But regardless of the time horizon, the risk-mitigating benefits of broad diversification emphasize the use of multiple asset classes for both conservative and aggressive investors alike.

Making the most of your money
Because money management is simple, it is within the capacity of all of us to be meaningfully involved in the investment decision-making process. It is neither necessary nor advisable for you to leave the major investment policy decisions to the sole discretion of a stockbroker. It is your money, and you are the one who will have to live with the results. You must become financially literate!

As you become better educated about the money-management process, your risk tolerance will change toward the strategy that is most appropriate, given the facts of your situation. The more you understand, the better your decisions will be. You can't help but benefit by having a realistic frame of reference for evaluating the end result. This will lead to greater staying power in the market, which is extremely important for the realization of your investment objectives. To be successful, you must be in it for the long-term.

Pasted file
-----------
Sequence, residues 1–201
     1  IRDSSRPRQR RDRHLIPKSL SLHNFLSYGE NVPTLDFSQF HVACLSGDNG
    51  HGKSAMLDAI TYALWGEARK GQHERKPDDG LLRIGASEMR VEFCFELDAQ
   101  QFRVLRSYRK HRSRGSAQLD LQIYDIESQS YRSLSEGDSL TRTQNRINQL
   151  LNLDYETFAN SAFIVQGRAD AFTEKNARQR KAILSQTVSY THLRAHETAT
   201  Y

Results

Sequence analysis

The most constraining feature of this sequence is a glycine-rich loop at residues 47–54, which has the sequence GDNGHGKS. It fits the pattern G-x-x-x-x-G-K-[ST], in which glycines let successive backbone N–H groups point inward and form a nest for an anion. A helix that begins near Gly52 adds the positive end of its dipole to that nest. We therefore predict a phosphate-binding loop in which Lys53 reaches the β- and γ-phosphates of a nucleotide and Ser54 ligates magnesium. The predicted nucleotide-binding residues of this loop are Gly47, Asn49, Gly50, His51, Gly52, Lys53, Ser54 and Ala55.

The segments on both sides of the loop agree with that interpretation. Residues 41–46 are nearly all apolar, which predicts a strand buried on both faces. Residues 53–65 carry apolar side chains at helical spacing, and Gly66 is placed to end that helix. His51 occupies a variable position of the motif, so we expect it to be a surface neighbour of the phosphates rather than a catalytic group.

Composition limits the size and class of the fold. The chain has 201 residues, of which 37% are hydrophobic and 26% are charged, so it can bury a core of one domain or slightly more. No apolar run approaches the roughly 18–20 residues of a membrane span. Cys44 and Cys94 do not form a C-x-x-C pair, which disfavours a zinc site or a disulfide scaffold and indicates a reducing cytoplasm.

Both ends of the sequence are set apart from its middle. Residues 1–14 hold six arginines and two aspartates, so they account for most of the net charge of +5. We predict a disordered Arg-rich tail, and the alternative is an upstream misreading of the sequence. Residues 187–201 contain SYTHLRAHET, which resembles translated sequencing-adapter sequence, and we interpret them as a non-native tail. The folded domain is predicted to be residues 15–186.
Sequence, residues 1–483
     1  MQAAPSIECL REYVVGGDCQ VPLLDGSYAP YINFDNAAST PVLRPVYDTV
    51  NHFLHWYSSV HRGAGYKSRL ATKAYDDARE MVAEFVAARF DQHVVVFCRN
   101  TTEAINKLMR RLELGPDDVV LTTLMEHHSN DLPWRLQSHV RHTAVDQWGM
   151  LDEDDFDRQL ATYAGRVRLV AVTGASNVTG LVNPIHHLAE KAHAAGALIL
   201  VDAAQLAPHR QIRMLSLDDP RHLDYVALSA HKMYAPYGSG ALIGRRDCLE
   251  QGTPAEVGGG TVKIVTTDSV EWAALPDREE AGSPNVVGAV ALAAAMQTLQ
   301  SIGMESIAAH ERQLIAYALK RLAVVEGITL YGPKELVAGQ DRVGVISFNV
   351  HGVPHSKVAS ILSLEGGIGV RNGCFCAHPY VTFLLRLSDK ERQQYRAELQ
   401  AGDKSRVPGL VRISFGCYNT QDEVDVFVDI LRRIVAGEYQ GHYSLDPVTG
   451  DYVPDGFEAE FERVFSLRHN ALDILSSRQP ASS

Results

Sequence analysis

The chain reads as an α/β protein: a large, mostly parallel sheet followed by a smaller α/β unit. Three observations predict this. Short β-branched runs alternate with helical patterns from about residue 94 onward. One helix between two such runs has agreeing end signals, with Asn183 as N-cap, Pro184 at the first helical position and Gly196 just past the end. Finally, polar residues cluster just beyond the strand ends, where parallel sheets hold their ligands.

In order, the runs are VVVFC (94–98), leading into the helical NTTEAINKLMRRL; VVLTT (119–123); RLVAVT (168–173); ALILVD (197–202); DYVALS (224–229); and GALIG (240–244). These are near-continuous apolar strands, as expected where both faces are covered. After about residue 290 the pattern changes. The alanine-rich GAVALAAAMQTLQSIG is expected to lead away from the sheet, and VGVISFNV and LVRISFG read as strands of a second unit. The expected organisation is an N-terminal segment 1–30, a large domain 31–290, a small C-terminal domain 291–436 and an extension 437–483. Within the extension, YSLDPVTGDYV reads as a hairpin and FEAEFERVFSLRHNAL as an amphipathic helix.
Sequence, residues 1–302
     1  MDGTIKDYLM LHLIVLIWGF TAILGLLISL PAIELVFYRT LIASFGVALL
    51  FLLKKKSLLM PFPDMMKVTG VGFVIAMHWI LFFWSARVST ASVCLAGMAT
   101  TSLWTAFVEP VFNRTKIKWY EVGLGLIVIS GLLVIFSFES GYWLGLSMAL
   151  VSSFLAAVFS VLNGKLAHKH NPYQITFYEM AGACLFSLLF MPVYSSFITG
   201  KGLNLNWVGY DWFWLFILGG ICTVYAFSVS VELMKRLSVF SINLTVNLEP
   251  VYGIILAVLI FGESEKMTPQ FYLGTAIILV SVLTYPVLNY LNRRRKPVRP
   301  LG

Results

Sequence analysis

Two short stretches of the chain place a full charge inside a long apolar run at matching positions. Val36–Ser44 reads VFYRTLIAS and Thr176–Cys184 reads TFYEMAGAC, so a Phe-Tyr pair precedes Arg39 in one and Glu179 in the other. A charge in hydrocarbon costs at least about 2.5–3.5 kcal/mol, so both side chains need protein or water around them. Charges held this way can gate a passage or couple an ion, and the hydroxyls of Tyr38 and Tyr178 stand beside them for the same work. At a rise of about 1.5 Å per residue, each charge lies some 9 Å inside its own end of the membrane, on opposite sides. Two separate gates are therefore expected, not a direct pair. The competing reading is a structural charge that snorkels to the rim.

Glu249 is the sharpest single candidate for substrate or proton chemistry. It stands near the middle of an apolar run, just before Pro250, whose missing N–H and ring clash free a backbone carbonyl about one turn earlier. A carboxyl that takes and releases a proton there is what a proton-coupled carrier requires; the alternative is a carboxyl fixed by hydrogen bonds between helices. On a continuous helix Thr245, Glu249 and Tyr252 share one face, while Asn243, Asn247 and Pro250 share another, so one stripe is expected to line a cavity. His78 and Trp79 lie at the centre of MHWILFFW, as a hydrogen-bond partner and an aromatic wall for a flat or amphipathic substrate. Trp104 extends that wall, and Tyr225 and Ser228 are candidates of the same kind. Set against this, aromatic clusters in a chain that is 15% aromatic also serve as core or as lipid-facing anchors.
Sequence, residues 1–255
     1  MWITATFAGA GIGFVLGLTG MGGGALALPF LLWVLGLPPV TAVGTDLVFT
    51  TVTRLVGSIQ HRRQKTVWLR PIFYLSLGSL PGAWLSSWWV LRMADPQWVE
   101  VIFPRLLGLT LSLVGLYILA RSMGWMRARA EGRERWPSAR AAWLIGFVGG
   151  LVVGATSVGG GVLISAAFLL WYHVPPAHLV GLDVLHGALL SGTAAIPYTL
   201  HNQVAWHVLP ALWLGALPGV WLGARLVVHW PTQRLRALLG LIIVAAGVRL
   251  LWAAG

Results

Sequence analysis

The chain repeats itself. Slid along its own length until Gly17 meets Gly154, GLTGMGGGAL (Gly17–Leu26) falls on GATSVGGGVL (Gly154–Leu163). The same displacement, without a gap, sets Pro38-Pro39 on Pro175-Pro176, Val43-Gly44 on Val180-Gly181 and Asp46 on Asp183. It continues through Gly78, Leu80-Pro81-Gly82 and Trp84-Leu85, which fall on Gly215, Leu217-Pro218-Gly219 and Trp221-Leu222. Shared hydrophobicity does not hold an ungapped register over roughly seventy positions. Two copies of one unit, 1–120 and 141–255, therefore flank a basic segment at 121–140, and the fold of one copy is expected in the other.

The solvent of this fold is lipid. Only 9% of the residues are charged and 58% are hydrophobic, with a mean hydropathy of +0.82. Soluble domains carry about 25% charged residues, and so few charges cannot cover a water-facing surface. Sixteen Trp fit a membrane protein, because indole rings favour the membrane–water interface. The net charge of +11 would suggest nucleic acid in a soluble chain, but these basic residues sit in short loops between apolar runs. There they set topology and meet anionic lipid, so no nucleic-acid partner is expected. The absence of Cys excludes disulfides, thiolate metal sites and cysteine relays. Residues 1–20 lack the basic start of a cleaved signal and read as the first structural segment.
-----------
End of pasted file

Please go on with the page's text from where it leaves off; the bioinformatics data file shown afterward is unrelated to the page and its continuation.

Living with the uncertainties
We often mistakenly believe that stockbrokers should have a method to eliminate the uncertainties that go along with investing. But as we focus on the uncertainties inherent in money management, all we can hope to accomplish is to get a better picture of the uncertainties; we cannot eliminate them. In the wise words of an economist friend of mine: "The window to the financial future is opaque."

As difficult as it is to live with, uncertainty is not necessarily bad. For those of you with a long time horizon, short-run uncertainty is the engine that drives the higher returns of equity investing. If you understand this, you can use it to your advantage. There is a difference, though, between intellectually understanding something and living with the results on a day-to-day basis. Successful investing will always be as much of a psychological process as it is a money-management endeavor.

Money management is not easy. Without a very firm commitment to long-term investment policies within an asset-allocation framework, it is easy to become distracted by investment schemes that promise high returns with little or no risk. Those who depart from a long-term strategy to pursue those risky types of investments will, in the end, build portfolios in the same way they collect shells at the beach — by picking up whatever catches their eye at the moment.

The bottom line: There is no safe, quick, and easy way to build wealth. To this end, an old saying helps remind us: "If wishes were horses, beggars would ride." Always remember: Planning makes the difference. Until next month ...